Section 27
Chapter 26,004

Transferable bacteriophage as a function of temperature

Berger, E.; Roesli, H.

Zeitschr Hyg U Infektionskrankh 107(3/4): 731-741


Accession: 026003241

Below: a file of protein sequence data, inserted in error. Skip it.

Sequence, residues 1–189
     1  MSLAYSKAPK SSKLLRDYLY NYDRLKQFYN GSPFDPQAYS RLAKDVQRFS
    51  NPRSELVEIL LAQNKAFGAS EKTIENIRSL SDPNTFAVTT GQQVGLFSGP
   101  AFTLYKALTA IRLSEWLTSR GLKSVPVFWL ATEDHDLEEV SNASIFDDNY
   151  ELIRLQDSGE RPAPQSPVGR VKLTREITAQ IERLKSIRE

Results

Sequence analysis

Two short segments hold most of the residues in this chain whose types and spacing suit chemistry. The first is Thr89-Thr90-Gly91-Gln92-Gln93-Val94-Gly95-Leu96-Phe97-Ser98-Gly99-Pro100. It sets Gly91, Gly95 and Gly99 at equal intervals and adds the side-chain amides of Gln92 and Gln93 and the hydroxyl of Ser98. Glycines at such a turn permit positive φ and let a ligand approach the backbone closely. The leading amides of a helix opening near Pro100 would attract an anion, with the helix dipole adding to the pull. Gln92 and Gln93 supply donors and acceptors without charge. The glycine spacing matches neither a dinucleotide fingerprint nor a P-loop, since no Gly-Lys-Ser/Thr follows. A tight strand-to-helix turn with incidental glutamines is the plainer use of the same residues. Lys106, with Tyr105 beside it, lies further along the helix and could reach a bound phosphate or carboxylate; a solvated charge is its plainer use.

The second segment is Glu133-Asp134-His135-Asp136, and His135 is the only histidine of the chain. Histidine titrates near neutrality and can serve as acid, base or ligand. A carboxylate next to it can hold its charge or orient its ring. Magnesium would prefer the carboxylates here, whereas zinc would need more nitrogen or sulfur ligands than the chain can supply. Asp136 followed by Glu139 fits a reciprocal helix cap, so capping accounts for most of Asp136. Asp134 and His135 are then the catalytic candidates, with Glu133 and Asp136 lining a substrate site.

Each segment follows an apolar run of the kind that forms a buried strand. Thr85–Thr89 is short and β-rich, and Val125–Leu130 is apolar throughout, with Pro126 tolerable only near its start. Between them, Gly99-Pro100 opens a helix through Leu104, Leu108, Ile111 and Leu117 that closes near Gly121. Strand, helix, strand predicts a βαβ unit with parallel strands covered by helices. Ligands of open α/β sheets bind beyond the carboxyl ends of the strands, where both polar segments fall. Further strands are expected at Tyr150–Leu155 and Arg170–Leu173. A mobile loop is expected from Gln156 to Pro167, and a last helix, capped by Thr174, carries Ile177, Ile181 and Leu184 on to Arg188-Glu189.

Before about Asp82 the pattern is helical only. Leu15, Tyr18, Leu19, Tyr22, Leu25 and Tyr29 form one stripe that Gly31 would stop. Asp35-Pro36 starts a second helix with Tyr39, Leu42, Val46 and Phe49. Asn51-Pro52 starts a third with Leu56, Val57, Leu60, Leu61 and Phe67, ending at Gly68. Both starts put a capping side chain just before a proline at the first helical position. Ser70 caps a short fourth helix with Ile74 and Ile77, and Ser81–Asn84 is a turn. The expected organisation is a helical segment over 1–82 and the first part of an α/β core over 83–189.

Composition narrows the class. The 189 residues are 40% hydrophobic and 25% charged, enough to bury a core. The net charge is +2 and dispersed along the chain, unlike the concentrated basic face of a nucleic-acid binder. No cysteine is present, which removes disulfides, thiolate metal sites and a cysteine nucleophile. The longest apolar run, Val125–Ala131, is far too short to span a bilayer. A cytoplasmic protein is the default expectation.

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Experiments of Doerr and Gruninger have indicated that Escherichia coli is able to multiply at 43[degree]C., while its transferable bacteriophage does not increase and even disappears after about 7 hrs. These results were questioned by d'Herelle, who suggested that such results might be due to use of acid bouillon or to sugar in the medium, which might have yielded acid through action of E. coli. In the 1st experiment reported in the present paper, the conditions of the Doerr and Gruninger experiment were reproduced, using the same culture, and the same bacteriophage. About 2000 bacteria per cc. at time of inoculation increased to over 1 million in 6 hrs., and bacteriophage was no longer demonstrable after 9 hrs., although bacteria were innumerable. Mention is made of the work of Gjorup, who used the same technic but tested mixtures of E. coli and bacteriophage by the plaque method, tubes being subjected to temp. of 10-45[degree]C. At the lower temp. bacteriophage increase was constant. According to temp., there was a gradual increase, reaching its maximum at 37-40[degree]; at 45[degree] even that bacteriophage present at the beginning completely disappeared. Within the limits of 9.24-6.72, pH had no determining influence. Experiments here reported show that absence of bacteriophage at high temp. is not dependent upon initial concentration, since marked growth of colon bacilli occurred at 48[degree], but no considerable lysis took place in any of the dilutions at 37[degree], even after 8 hrs. The hypothesis that bacterial destruction is the source of production of bacteriphage is questioned, since increases in bacteriophage and bacteria begin at the same time, high concentration of bacteriophage being reached before mass destruction of bacteria begins. Failure of bacterial destruction in fluid gelatin, combined with increase in bacteriophage and its inhibition at 43[degree], are facts opposed to this hypothesis, and it is concluded that bacteriophage is simply unable to increase and function at this high temp. Effect of bacteriophage on the E. coli is due to 2 varia-bles: concentration of bacteriophage and temp. of growth. There is an optimum temp. for bacteriophage, and a maximum temp. beyond which its strongest concentration has no effect. It would appear that the ob-servations of Doerr and Gruninger to the effect that colon bacili at 43[degree] in bacteriophage-containing bouillon can increase without increase in bacteriophage were correct. Under such conditions bacteriophage disap-pears after more than 6 hrs. Thus, the objections of d'Herelle to the findings of Doerr and Griininger are not valid.

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